Intersexuality

Intersexuality is the state of a person whose sex chromosomes, genitalia and/or secondary sex characteristics are determined to be neither exclusively male nor female. A person with intersex may have biological characteristics of both the male and female sexes. A medical definition of intersexuality is "conditions in which chromosomal sex is inconsistent with phenotypic sex, or in which the phenotype is not classifiable as either male or female". Applying this precise definition, the true prevalence of intersex is seen to be about 0.018%.

Language

Research in the late twentieth century has led to a growing medical consensus that diverse intersex physicalities are normal, but relatively rare, forms of human biology. Perhaps the most prominent researcher, Milton Diamond, stresses the importance of care in selection of language related to intersexuality.
“Foremost, we advocate use of the terms "typical," "usual," or "most frequent" where it is more common to use the term "normal." When possible avoid expressions like maldeveloped or undeveloped, errors of development, defective genitals, abnormal, or mistakes of nature. Emphasize that all of these conditions are biologically understandable while they are statistically uncommon.”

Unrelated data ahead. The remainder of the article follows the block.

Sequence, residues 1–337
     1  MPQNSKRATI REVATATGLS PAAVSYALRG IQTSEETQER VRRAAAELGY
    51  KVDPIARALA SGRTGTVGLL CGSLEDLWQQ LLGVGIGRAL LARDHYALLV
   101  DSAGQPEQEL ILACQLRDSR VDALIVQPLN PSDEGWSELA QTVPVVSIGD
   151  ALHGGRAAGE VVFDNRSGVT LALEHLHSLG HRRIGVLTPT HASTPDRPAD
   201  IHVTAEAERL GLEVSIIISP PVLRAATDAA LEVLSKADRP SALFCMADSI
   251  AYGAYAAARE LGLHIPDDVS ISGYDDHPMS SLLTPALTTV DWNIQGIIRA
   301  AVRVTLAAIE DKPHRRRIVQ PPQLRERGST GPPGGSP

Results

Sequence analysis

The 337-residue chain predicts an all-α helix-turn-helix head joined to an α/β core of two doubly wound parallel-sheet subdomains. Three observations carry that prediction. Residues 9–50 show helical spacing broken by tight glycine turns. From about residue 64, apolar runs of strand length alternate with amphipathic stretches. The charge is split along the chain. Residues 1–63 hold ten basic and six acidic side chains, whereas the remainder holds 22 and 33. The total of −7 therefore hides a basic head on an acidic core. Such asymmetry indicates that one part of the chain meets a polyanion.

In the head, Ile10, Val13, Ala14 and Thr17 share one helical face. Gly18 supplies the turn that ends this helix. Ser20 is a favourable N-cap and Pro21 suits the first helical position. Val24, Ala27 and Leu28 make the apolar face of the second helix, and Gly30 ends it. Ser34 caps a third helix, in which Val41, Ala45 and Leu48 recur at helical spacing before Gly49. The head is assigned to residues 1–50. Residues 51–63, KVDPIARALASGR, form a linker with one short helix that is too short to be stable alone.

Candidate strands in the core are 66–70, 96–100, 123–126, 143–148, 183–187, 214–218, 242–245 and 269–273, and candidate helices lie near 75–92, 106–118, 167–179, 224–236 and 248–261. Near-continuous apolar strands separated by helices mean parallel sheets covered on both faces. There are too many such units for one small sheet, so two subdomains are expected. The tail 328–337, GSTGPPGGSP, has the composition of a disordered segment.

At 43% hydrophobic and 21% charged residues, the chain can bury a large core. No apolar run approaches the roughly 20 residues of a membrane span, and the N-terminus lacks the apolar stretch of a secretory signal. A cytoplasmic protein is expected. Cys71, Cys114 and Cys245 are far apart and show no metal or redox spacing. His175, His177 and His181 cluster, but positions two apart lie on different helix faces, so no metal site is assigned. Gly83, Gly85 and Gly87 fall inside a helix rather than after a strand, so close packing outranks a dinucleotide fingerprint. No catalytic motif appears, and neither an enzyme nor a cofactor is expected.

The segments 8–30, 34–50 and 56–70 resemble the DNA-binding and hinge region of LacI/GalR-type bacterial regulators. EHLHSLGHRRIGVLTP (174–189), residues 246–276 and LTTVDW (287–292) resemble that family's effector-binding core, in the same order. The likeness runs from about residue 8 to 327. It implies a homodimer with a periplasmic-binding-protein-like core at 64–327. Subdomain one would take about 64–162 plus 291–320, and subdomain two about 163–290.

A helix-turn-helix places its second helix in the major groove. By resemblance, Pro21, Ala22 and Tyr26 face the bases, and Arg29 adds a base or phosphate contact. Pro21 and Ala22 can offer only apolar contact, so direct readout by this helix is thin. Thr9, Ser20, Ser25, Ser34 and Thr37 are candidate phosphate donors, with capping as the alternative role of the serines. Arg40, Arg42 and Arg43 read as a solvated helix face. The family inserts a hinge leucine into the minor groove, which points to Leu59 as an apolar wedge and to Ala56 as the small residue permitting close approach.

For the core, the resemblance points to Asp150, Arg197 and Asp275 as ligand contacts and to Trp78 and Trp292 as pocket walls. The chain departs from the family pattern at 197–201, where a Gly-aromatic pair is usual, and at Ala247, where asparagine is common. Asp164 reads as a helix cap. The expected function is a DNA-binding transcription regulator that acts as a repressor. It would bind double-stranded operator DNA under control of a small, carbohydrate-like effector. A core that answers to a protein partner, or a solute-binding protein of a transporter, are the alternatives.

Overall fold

Nomenclature

Hermaphrodite

The terms hermaphrodite and pseudohermaphrodite, introduced in the 19th century, are now considered problematic. The phrase '"ambiguous genitalia'" refers specifically to genital appearance, but not all intersex conditions result in atypical genital appearance.

Disorders of sex development

The Intersex Society of North America and intersex activists have moved to eliminate the term "intersex" in medical usage, replacing it with "disorders of sex development" (DSD) in order to avoid conflating anatomy with identity. Members of The Lawson Wilkins Pediatric Endocrine Society and the European Society for Paediatric Endocrinology accepted the term "disorders of sex development" (DSD) in their "Consensus statement on management of intersex disorders" published in the Archives of Disease in Children and in Pediatrics. The term is defined by congenital conditions in which development of chromosomal, gonadal, or anatomical sex is atypical. However, this has been met with criticism from other activists who question a disease/disability model and advocate no legal definition of sexes, no gender assignments, no legal sex on birth certificates, and no official sexual orientation categories.
Alternatives to labeling these as "disorders" have also been suggested, including "variations of sex development"